In 2011, cardiovascular disease (CVD) is the number one killer in the United States accounting for 31.3% or about 1 in 3 deaths (786,000 of 2.51 million). Heart failure represented 36.1% of the total number of CVD deaths or 1 in 9 total US deaths. A key prognostic indicator of heart failure is the presence and extent of myocardial fibrosis, which is found in all three main CVD etiologies including systolic dysfunction, non-ischemic cardiomyopathy, and valvular disease. Non-invasive myocardial tissue characterization to detect and characterize MF is highly sought after clinical tool because of its prognostic value. Current technologies include both contrast-based and contrast-free cardiovascular magnetic resonance (CMR) imaging approaches. Although contrast-based CMR methods are clinically in routine use, a significant portion of CVD patients (about 1 in 3) also have renal insufficiency requiring a contrast-free approach.
One promising contrast-free CMR approach is diffusion CMR, which is capable of unique tissue characterization by being sensitivity to the microscopic motion of water molecules in tissue. Specific to myocardial tissue characterization of fibrosis, it potentially offers the highest contrast (>50% signal change) between myocardial fibrosis compared to normal myocardium. More importantly, it has the potential to map myofiber architecture, which holds the promise of evaluation of novel myocardial therapy such as regenerative-based treatments. Despite the strong biological connection between diffusion CMR and myocardial fibrosis, in vivo diffusion CMR currently is not widely used in a clinical setting because of the major technical limitations of the technique which includes (i) bulk motion artifacts, (ii) distortion/susceptibility artifacts, (iii) limited spatial resolution (58mm3), (iv) limited spatial coverage, (v) long scan times (>20min), and (vi) low signal-to-noise ratio. Among the major technical challenges listed above for diffusion CMR, the greatest challenge is overcoming bulk motion because it is fundamentally tied to diffusion encoding. This dissertation aims to address some of these technical challenges to ultimately yield a clinically translatable in vivo diffusion CMR technique.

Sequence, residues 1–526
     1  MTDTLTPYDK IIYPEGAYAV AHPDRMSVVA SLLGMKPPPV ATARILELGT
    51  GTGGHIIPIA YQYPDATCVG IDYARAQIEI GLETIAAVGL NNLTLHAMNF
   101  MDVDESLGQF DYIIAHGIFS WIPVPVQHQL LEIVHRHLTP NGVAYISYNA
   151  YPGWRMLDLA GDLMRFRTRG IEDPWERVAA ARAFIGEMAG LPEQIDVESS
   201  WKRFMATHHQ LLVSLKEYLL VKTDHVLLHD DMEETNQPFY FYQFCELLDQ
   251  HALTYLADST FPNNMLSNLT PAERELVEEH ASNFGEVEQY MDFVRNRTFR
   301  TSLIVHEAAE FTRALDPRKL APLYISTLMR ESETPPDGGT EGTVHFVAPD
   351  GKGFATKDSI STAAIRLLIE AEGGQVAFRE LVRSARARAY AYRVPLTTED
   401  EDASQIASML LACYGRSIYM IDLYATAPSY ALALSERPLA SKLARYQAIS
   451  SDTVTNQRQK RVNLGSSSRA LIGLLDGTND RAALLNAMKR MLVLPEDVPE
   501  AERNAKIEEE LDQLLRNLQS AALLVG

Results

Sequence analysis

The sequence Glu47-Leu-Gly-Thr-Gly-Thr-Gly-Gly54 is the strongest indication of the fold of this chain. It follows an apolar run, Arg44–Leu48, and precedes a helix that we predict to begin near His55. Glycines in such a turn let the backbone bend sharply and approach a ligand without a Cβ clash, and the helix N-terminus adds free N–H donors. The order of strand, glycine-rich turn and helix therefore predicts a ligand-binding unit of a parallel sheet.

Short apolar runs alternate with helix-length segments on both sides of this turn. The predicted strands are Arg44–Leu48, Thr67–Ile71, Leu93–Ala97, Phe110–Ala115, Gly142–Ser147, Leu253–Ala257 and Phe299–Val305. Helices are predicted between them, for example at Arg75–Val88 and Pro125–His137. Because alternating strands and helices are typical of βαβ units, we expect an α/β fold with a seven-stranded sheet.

To address challenges (i), (ii), (iii), and (v), a novel diffusion encoding strategy (M2 gradient moment nulling) was developed in conjunction with a unique diffusion acquisition approach (diffusion preparation) allowing for 3D multi-shot readouts. The two developed technologies were initially demonstrated in healthy subjects to reproducibly yield diffusion-weighted images (DWI) free of motion artifacts and comparable estimates of apparent diffusion coefficients (ADC) when compared to conventional diffusion sequences.
The novel diffusion CMR sequence was then applied in a pre-clinical setting testing its ability to detect and characterize myocardial fibrosis in a chronic MI porcine animal model. The chronic MI porcine model acted as an excellent test scenario since myocardial fibrotic tissue in this model also has reduced bulk motion, which goes counter to the expected increase in estimated ADC. The novel diffusion CMR sequence able to detect myocardial fibrosis and yield an expected increased in ADC of fibrotic tissue. This lends credence to the new sequence’s robustness against bulk motion in the detection of myocardial fibrosis.
Lastly, the novel diffusion CMR sequence was applied in a pilot clinical setting to detect myocardial fibrosis in hypertrophic cardiomyopathy patients. Compared to the gold-standard sequence, it was able to yield high sensitivity, specificity, and accuracy in detecting myocardial fibrosis. Additionally, a simple threshold was only necessary to yield comparable characterization of the diffuse presentations of myocardial fibrosis.